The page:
Globally, financial services are well positioned to contribute to the transformation needed for sustainable futures and will be critical for supporting corporate activities that regenerate and promote biosphere resilience as a key strategy to confront the new risk landscape of the Anthropocene. While current financial risk frameworks focus primarily on financial materiality and risks to the financial sector, failure to account for investment externalities will aggravate climate and other environmental change and set current sustainable finance initiatives off course.
Elsevier, The Lancet Planetary Health, Volume 5, February 2021
Background: nationally determined contributions (NDCs) serve to meet the goals of the Paris Agreement of staying “well below 2°C”, which could also yield substantial health co-benefits in the process. However, existing NDC commitments are inadequate to achieve this goal. Placing health as a key focus of the NDCs could present an opportunity to increase ambition and realise health co-benefits.
Elsevier, The Lancet Planetary Health, Volume 4, November 2020
Background: Various retrospective studies have reported on the increase of mortality risk due to higher diurnal temperature range (DTR). This study projects the effect of DTR on future mortality across 445 communities in 20 countries and regions. Methods: DTR-related mortality risk was estimated on the basis of the historical daily time-series of mortality and weather factors from Jan 1, 1985, to Dec 31, 2015, with data for 445 communities across 20 countries and regions, from the Multi-Country Multi-City Collaborative Research Network.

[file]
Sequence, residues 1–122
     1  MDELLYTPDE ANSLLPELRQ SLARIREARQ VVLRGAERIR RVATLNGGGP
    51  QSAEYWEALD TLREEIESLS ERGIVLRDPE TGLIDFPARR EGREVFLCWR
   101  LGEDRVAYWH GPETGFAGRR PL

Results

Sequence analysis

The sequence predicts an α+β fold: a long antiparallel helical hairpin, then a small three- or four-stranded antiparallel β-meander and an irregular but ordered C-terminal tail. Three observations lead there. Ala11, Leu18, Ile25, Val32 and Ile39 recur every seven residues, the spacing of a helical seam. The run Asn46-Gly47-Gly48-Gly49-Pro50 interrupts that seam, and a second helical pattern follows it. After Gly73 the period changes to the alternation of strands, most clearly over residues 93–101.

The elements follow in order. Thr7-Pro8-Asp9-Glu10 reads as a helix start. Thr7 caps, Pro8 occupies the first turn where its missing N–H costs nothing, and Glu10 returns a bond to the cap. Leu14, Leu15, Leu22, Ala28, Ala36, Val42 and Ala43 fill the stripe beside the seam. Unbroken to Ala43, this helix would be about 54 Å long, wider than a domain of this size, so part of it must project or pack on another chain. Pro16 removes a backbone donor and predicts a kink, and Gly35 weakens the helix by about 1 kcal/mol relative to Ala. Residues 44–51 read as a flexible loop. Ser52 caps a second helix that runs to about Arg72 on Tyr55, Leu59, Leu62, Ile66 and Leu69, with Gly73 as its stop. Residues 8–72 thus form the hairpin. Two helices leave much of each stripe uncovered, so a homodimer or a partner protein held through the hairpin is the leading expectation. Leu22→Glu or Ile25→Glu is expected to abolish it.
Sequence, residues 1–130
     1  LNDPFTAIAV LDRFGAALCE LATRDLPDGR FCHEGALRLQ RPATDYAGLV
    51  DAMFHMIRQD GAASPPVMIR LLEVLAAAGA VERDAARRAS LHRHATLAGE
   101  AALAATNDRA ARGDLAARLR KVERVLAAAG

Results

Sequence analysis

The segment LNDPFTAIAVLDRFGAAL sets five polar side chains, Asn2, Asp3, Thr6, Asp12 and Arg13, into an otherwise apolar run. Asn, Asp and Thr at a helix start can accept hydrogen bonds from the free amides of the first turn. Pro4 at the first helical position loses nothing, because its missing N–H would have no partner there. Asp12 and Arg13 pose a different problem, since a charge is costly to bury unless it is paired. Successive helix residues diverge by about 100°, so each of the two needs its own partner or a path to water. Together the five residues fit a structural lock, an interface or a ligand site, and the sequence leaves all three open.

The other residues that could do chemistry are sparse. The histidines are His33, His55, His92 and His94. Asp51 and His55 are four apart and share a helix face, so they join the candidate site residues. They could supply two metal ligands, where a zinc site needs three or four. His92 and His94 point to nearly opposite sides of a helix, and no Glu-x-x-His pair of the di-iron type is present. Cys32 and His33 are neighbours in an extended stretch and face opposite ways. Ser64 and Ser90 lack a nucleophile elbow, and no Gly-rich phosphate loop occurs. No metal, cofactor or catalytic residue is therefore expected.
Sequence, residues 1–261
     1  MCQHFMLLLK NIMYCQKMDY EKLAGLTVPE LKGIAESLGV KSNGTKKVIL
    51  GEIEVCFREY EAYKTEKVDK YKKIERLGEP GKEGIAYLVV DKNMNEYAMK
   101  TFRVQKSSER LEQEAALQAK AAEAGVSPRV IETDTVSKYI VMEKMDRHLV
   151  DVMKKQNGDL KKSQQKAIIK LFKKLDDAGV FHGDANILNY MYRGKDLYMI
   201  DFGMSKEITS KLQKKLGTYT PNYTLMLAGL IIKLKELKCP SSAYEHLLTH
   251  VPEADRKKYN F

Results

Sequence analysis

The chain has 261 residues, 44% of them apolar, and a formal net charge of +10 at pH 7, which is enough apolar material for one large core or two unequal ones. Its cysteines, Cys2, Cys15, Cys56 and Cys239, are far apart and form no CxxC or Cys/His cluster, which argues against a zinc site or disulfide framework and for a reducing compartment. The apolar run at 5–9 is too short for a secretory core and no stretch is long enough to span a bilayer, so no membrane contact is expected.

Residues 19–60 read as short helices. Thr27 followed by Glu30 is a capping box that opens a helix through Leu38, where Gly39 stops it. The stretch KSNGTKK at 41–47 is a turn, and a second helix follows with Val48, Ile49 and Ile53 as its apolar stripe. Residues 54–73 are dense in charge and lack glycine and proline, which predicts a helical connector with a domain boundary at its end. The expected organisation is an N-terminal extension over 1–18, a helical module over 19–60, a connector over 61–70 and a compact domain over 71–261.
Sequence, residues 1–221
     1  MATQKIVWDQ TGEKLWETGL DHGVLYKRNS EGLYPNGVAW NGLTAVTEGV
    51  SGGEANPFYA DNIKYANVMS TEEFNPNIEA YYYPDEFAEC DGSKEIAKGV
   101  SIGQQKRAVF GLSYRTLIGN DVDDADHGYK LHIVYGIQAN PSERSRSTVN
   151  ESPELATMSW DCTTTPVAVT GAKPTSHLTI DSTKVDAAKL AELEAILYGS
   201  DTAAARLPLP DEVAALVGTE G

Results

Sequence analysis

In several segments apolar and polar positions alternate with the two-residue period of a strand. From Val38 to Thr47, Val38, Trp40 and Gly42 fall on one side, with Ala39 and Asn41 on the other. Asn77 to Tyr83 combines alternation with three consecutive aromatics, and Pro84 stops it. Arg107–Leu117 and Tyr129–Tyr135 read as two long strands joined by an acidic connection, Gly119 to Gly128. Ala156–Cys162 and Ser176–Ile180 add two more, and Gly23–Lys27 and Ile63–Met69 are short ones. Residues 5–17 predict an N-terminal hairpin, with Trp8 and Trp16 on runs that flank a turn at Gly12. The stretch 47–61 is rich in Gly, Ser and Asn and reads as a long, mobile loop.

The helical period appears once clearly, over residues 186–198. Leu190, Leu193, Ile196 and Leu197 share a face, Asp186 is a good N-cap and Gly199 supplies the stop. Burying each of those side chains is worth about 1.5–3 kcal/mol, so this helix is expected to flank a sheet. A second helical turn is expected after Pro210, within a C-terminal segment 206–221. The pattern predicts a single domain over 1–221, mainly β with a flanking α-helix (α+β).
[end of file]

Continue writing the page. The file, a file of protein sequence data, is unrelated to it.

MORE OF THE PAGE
Elsevier,

The Lancet Global Health, Volume 8, August 2020

Eradicating food insecurity is necessary for achieving global health goals. Liberal trade policies might increase food supplies but how these policies influence individual-level food insecurity remains uncertain. We aimed to assess the association between liberal trade policies and food insecurity at the individual level, and whether this association varies across country-income and household-income groups.
Elsevier,

Threats to the Arctic, 2021, Pages 481-520

This book chapter advances SDGs 11, 13 and 15 by discussing how arctic natives learned to cope with their environments but are now faced with the threat of the climate crisis.